aster and April Fool’s Day may be far apart in spirit but they’re jammed together on the calendar this year. Here’s a quick and inexpensive craft project that can carry over from one to the other: faux chocolate eggs.
Given my weakness for chocolate, I know I could never put out a bowl of pretty foil-wrapped chocolate eggs a week before Easter and expect them to last until the holiday. But you can get the same effect – without the temptation – by painting papier-mâché eggs and partially wrapping them with pastel-hued foil. Piled in a glass canister or arranged in a simple bowl, these eggs make a sweet Easter display that will last for years.
Either spray paint or acrylic craft paint can be used for this project. Spray paint provides a slightly smoother finish, and if you use paint with a satin finish, you don’t have to follow up with any kind of clear sealant or spray. But acrylic paint is less expensive and less messy, and it can be used indoors, which is a plus given that there is still snow on the ground where I live. It does have a more matte finish, but brushing on a clear glaze over the paint takes just minutes. In any case, there is no need to be too fussy with the paint given that much of the egg will be covered by foil.
I found small gold and silver foil sheets meant for candy wrappers at a large craft supply store, but my local cake decorating supply store had many more colors at much better prices – 35 cents for a 12-by-22-inch sheet, making this project easy on both my waistline and wallet.
When I showed my 8-year-old son an early prototype for this project, he had it to his lips before I could say either “Happy Easter!” or “April Fools!”
• papier-mâché eggs
• brown satin finish spray paint or acrylic craft paint
• satin finish clear sealant or varnish (if using craft paint)
• paint brush (if using craft paint)
• large cardboard box lined with waxed paper or parchment paper for containing over-spray (if using spray paint)
• foil sheets made for candy wrappers
• white glue or Mod Podge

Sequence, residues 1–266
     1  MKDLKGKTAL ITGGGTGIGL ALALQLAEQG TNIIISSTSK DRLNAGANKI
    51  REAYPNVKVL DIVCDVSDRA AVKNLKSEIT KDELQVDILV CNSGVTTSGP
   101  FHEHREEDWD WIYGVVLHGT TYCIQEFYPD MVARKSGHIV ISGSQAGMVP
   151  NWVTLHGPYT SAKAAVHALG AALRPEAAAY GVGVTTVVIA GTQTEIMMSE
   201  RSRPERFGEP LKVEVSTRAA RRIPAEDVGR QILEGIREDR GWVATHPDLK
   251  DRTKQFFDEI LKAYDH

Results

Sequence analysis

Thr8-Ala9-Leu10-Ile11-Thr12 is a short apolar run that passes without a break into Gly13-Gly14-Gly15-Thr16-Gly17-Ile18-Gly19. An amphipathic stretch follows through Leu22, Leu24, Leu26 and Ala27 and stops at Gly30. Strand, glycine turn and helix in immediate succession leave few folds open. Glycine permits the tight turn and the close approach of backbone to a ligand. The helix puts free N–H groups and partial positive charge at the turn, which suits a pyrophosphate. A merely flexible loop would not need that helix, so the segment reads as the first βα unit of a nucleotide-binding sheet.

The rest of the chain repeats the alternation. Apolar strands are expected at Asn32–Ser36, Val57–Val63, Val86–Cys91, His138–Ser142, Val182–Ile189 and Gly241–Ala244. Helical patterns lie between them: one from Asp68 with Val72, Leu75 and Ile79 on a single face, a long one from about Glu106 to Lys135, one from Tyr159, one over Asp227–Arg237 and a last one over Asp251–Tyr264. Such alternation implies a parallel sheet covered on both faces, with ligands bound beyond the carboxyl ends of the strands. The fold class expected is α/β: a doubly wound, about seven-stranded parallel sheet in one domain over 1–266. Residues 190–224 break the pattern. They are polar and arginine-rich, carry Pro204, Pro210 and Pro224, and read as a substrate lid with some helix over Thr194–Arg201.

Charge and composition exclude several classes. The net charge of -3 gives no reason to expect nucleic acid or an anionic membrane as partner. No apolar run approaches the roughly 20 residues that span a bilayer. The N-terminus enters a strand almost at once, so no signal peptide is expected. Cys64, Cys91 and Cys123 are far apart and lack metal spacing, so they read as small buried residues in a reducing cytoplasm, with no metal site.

1) If using spray paint, place eggs in lined cardboard box and, working outside or in well-ventilated area, apply several light coats of paint. Follow directions on the paint canister to determine drying time between coats. Turn the eggs to make sure you are painting all sides. Three or four light coats of paint should be enough for even coverage.
2) If using craft paint, you can work indoors. Use a brush to apply two or three coats of paint, allowing eggs to dry between coats.
3) If using craft paint, apply one coat of satin finish varnish. Allow eggs to dry.
3) Cut a piece of colored foil a bit taller than the height of the egg and wide enough to wrap around it. For the eggs I purchased, I cut the foil into a rectangle roughly 6.5-by-4 inches. Cut slits roughly 1-inch long along one of the long edges. This will make it easier to fold the foil tightly around the bottom of the egg.
4) Brush glue or Mod Podge on the lower 2/3 of an egg, then wrap the foil around the egg, with the fringed edge at the bottom, wider end of the egg.
5) Brushing on more glue as needed, press the foil tightly against the egg, overlapping the cut pieces at the bottom. At the top, squeeze the foil together and twist it tightly. Cut off the excess.
6) Once the egg is entirely covered in foil, peel some off to create the appearance of a candy egg that’s been partially unwrapped.